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HTC Droid Incredible Review

By Legacy May 2, 2010, 8:53 pm

The HTC Droid Incredible: with a name like that, expectations are high for HTC's latest Android release. It's comparable to the HTC Desire, but it packs some extra features and it's the only device of its kind, at least for now, that's geared for the US market. Meaning, this is the first time we're seeing Android 2.1 with HTC's stunning Sense UI on such a powerful device in the States, so that alone certainly has Verizon Wireless subscribers in a frenzy. Verizon looks to capitalize on the "Droid" craze with the HTC Droid Incredible, but does it live up to its title? Read on to find out!


Although the Incredible comes with a slew of features regarding its hardware and software, the packaging it comes in is rather bare bones in nature. It's wrapped in Verizon's conventional packaging, which is basically a white box with a picture of the device on the front and back. Inside, you get the device, manuals, a charging/syncing cable and wall charger. The unit we unboxed did not include a memory card, but Verizon's apparently offering a 2GB microSD card as an introductory offer to those who purchase early.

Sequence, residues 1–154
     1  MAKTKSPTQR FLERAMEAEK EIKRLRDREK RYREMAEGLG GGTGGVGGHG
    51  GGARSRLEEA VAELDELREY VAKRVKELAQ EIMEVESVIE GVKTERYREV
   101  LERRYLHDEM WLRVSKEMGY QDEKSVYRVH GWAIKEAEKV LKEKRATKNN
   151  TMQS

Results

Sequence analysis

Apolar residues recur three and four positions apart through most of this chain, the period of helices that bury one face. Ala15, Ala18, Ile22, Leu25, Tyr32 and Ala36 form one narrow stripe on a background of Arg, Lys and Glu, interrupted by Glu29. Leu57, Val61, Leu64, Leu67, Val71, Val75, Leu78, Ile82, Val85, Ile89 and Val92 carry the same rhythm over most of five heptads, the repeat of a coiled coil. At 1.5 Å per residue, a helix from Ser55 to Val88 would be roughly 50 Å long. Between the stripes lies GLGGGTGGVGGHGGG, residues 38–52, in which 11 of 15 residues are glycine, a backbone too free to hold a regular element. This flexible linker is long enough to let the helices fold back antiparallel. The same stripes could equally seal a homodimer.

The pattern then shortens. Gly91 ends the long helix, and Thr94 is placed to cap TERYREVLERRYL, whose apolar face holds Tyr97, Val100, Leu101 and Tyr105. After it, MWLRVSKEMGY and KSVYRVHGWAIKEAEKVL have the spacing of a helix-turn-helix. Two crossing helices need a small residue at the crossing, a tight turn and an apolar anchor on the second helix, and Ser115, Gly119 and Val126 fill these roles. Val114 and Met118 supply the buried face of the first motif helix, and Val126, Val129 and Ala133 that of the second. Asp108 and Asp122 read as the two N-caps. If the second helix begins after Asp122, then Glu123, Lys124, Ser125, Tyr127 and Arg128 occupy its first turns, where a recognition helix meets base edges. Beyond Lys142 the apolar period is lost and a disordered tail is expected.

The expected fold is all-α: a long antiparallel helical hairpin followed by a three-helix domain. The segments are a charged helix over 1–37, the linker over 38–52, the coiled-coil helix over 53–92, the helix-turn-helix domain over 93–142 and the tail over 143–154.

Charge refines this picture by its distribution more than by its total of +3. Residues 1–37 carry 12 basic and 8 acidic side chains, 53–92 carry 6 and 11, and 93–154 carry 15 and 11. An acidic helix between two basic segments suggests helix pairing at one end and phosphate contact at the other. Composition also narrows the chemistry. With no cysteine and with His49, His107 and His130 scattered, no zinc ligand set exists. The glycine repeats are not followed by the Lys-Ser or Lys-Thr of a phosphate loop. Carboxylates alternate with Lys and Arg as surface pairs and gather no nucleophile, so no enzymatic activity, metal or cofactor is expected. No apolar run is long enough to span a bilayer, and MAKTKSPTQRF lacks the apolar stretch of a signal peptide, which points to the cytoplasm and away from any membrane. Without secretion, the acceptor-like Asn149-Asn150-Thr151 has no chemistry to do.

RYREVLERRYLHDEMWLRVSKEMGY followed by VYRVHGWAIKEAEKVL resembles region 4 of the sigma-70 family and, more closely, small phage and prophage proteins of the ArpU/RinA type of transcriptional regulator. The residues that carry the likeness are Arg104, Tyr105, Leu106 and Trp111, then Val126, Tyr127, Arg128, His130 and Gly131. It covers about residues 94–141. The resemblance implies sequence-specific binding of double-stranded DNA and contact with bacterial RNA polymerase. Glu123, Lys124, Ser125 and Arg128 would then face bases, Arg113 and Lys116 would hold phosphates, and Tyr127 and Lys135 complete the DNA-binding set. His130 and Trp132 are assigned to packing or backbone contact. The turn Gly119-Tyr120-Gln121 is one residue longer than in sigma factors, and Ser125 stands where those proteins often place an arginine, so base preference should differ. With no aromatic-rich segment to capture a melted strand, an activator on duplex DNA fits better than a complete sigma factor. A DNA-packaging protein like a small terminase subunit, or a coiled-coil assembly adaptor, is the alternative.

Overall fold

What's under the hood? For starters, the Incredible is rocking a 1GHz Qualcomm QSD8650 Snapdragon Processor, 8GB of internal storage, 748MB of ROM and 512MB of RAM. There's also a microSD card slot to supplement with up to 32GB of memory. The device boasts a large 3.7' AMOLED capacitive multitouch display with WVGA resolution (480×800). Attached on the back is an 8MP auto-focus camera with dual LED flash, which is capable of WVGA video capture as well. The removable battery has a capacity of 1300mAh. Other components include WiFi, aGPS, Bluetooth, an FM radio, proximity/light sensors, a microUSB port, rear-mounted speaker, and a 3.5mm audio jack. The Incredible is locked to Verizon's CDMA/EVDO network.

Full specs can be viewed at PDAdb.net, where you can also compare it to other Verizon-backed Android devices.

The Droid Incredible feels quite good in hand. It has just enough weight at 4.59 ounces (130 grams) and a generous size that doesn't overstep comfort boundaries. The front of the device has a glossy black finish and a gorgeous 3.7' capacitive display. We're working with AMOLED technology here, so colors are strikingly rich and vibrant; and unlike traditional displays, blacks appear extremely black. Finally, the touch screen supports multitouch for all your pinch-to-zoom needs.